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HPLC of Peptides and Proteins

Proteins, Peptides and Amino Acids

  1. Tzong-Hsien Lee,
  2. Marie-Isabel Aguilar

Published Online: 15 SEP 2006

DOI: 10.1002/3527600906.mcb.200400113

Reviews in Cell Biology and Molecular Medicine

Reviews in Cell Biology and Molecular Medicine

How to Cite

Lee, T.-H. and Aguilar, M.-I. 2006. HPLC of Peptides and Proteins. Reviews in Cell Biology and Molecular Medicine. .

Author Information

  1. Monash University, Clayton, Australia

Publication History

  1. Published Online: 15 SEP 2006

This is not the most recent version of the article. View current version (5 OCT 2015)


HPLC is extremely versatile for the isolation of peptides and proteins from a wide variety of synthetic or biological sources. The complexity of the mixture to be chromatographed will depend on the nature of the source and the degree of preliminary clean up that can be performed. In the case of synthetic peptides, RPC is generally employed both for the initial analysis and the final large-scale purification. The isolation of proteins from a biological cocktail, however, often requires a combination of techniques to produce a homogenous sample. HPLC techniques are then introduced at the later stages following initial precipitation, clarification and preliminary separations using soft gel. Purification protocols therefore need to be tailored to the specific target molecule.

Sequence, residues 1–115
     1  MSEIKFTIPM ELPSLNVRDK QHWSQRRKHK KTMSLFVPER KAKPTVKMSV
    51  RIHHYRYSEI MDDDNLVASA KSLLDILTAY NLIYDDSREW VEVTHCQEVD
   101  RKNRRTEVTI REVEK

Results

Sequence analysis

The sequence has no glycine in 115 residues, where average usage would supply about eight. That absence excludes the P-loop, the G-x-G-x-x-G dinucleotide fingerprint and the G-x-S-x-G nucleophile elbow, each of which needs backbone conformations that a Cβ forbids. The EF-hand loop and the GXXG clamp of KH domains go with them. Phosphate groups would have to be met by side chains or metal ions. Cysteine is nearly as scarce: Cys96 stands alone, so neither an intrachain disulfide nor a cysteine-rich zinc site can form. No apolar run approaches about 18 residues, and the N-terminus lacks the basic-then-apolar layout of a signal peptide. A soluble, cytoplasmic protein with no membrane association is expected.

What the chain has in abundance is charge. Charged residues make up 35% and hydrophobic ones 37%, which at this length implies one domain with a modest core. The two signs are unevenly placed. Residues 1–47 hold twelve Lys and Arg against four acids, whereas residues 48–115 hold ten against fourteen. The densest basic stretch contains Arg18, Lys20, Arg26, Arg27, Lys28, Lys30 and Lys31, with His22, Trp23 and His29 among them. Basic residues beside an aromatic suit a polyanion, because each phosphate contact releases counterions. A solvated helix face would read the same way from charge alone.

This chapter deals with the different HPLC techniques that are commonly employed for the analysis and purification of peptides and proteins. A brief overview of the theory of each mode of chromatography will be presented and then discussed in terms of the parameters that control resolution and illustrated with relevant examples. The interested reader is also referred to a number of recent publications that provide a comprehensive theoretical and practical overview of this topic.


  • Capacity Factor;
  • Capillary Column;
  • Gradient Elution;
  • high-performance liquid chromatography (HPLC);
  • Ion Trap Mass Spectrometer;
  • Isocratic Elution;
  • Mobile Phase;
  • Peak Capacity;
  • Peptide Mapping;
  • Resolution;
  • Stationary Phase